L’ile de volupté

Size: 34 x 50 cm

Material: porcelain from Limoges

“Breakfast in bed … ..crumbs in the bed, spilling your drink, moving around in that bed, where do you put everything? ”
A remark like this is for me a clue and challenge at the same time: I tried to show someone that a breakfast in bed is a delight for all the senses without things shifting or falling off.

The still lifes of Dick Ket are a pleasure for me to look at, and they inspired me to make this. In 1932 he wrote this in a letter to his fiancée Nel Schilt:
“… That there is more between heaven and earth, I often think of this when I’m painting a still-life. Especially in these dead things, I feel the attendance of the omnipresent and I find myself loving these dead objects and treating them as such”

A dinner-tray with breakfast resembles the title of Dick Kets favorite novel (“Lile the volupté” Miriam Harry) a voluptuous island to enjoy, with all your senses.

The tray, executed in porcelain, is a blue and white checkered tea towel. These checkered cloths were often used by Dick Ket in his still lifes. I chose blue, a reference to the Dutch Delft Blue ceramics. Board, dishes, and egg shell are integrated. Together with the “canvas” they form a whole, and everything remains in place. The cutlery lays in the natural folds of the fabric and cannot move.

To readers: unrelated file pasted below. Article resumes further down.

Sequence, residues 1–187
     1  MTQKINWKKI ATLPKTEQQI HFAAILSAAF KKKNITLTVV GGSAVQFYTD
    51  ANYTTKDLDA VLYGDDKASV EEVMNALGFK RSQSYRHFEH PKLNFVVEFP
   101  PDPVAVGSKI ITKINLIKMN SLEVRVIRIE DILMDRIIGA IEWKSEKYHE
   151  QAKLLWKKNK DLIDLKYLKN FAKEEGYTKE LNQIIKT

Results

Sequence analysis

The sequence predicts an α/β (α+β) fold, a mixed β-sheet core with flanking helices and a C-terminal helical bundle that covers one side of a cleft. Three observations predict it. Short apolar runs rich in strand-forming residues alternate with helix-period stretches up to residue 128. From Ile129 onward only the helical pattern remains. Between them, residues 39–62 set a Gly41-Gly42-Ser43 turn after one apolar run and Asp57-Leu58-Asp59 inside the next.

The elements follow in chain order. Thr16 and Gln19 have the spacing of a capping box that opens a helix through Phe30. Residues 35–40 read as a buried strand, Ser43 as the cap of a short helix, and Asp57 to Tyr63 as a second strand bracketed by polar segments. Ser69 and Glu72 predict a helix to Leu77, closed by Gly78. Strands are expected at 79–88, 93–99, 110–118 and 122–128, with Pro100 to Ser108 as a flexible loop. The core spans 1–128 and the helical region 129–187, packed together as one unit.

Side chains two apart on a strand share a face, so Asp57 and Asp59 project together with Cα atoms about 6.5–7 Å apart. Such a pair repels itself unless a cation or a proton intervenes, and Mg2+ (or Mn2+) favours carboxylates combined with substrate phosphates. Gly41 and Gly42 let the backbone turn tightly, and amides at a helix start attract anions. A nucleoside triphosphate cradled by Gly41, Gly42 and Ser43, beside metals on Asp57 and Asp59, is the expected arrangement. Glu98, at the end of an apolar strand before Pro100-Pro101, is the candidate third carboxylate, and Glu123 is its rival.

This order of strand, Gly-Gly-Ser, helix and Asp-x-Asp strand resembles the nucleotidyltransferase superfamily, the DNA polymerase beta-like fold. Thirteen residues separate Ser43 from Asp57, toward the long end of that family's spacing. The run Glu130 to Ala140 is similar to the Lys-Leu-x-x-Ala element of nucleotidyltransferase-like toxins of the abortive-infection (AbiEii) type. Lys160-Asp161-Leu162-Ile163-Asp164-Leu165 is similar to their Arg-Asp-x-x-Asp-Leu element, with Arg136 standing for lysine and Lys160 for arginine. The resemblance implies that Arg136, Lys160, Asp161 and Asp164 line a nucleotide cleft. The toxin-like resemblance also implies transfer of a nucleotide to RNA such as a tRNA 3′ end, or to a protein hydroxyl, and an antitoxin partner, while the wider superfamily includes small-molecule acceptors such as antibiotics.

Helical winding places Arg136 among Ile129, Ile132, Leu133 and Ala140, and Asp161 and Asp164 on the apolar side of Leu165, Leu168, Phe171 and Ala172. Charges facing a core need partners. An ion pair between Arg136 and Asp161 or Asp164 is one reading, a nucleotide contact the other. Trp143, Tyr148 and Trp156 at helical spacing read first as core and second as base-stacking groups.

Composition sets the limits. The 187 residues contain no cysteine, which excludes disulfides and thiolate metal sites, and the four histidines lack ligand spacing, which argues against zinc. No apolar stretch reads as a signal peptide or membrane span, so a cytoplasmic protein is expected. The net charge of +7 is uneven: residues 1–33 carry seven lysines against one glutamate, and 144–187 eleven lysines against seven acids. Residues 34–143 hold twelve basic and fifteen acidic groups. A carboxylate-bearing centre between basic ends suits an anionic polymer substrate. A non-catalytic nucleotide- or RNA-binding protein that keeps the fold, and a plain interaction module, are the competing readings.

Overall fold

I am from a large family and egg cups were a luxury we did not know about. A boiled egg at breakfast was put on your slice of bread… which served then as an egg cup! This idea I have incorporated into the fabric … the egg cup is actually just a hole in the canvas here. However it does have something that preserves the warmth and the top of it accommodates a saltshaker, which can be filled through a small incorporated funnel.
The milk jug also serves as a lid on the sugar bowl. The tray is suitable for both left- and right handed people. On one of the plates a piece of fruit will fit perfectly, preferably a pear to remain in the realm of Dick Ket.

Dick Ket used a lot of symbolism in his still lifes. Because of his illness he was not able to go outdoors a lot. Therefore, he used the forms that were available in the house within his compositions. For the implementation of my personal still life: the “breakfast-in-bed tray”, I used his language, not only for the plates but also in the loose parts such as the cup, teapot, and pharmacists bottle that can be used as water or juice jug or optionally also as vase for a red geranium (the flower of God’s grace). According to Dick Ket, a geranium served as the cure for melancholy in the Middle Ages, isn’t’ that a nice start for a breakfast?